Andean Milk Snake
Elevations from 733 to 9,000 feet in the Andes Mountains of Colombia.
The Andean milk snake has a white snout and scale margins. At least 24 red rings may, or may not, be tipped in black. It is commonly bred in captivity.
Cages should be escape proof, complete with water and hiding area. Kingsnakes and milk snakes must be housed separately (except during breeding season) because they are cannibalistic. Inexpensive enclosures such as plastic shoe or sweater boxes work well if there are ventilation holes drilled in the sides. Aquariums or home-made enclosures also work well if you want to display the snake. A variety of substrates may be used (aspen shavings, corn-cob-type rodent bedding or newspaper) to keep the animals clean, warm and dry.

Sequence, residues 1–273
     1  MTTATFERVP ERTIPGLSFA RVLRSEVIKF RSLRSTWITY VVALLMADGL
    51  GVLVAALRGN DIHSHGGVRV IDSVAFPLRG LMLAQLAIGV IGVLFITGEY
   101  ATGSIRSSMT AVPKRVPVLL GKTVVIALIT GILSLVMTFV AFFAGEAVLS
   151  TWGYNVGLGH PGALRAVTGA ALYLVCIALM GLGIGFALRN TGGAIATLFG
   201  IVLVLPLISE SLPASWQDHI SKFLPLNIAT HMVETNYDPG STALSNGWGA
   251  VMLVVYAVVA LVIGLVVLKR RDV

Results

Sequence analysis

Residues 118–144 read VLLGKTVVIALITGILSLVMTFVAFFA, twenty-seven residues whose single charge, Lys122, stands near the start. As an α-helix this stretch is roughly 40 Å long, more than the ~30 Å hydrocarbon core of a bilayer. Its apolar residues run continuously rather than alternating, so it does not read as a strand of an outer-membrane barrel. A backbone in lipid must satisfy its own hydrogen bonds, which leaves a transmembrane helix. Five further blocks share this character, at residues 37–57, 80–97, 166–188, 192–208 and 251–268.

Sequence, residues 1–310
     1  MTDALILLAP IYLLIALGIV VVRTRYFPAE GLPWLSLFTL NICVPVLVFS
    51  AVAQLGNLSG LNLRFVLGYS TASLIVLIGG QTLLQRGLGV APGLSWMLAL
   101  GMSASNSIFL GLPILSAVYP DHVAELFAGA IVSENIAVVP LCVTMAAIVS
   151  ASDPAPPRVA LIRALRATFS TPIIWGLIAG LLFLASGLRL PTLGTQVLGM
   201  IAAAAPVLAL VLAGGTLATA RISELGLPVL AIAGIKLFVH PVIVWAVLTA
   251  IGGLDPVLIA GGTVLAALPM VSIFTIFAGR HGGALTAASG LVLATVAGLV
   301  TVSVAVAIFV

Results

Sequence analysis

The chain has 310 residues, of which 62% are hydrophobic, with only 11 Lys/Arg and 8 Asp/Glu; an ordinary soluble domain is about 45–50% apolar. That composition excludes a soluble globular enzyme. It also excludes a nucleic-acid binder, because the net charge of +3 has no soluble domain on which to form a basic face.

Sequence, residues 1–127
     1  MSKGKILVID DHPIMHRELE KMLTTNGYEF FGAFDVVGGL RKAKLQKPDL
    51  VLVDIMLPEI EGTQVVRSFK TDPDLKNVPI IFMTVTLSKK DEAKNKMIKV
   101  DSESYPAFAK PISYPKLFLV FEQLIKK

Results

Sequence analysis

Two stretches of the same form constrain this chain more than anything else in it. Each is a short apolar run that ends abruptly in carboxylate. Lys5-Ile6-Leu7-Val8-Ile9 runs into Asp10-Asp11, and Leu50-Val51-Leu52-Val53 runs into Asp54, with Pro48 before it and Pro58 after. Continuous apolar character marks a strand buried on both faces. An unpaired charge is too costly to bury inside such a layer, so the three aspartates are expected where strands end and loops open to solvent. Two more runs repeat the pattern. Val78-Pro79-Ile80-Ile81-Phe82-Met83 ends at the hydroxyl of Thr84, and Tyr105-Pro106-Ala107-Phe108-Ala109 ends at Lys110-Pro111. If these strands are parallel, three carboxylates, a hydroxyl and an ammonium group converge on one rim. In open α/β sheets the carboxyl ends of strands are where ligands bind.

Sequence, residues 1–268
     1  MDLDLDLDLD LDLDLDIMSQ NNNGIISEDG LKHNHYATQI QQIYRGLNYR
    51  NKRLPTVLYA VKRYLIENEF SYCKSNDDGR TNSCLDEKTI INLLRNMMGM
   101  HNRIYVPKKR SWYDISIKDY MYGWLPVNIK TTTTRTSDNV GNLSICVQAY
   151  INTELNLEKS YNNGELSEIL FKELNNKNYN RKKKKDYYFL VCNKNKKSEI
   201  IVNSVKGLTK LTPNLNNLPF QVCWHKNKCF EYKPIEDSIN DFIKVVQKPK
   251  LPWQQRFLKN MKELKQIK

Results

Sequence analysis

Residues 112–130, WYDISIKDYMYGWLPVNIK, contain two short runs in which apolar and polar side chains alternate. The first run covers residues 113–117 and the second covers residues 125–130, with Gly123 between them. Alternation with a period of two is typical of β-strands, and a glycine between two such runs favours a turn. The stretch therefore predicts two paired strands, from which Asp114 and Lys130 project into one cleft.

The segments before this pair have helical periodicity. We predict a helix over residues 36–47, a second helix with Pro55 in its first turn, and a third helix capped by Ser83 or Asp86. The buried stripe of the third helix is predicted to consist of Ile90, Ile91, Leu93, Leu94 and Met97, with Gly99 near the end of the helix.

Kingsnakes will feed on just about anything. They will consume warm-blooded prey such as rodents and birds, as well as cold-blooded prey such as lizards and frogs (in addition to other snakes).
Many species adapt well in captivity if kept between 80 and 85 degrees Fahrenheit, with a nighttime temperature drop of five to 10 degrees. Temperature control is important as it maintains feeding response and digestion.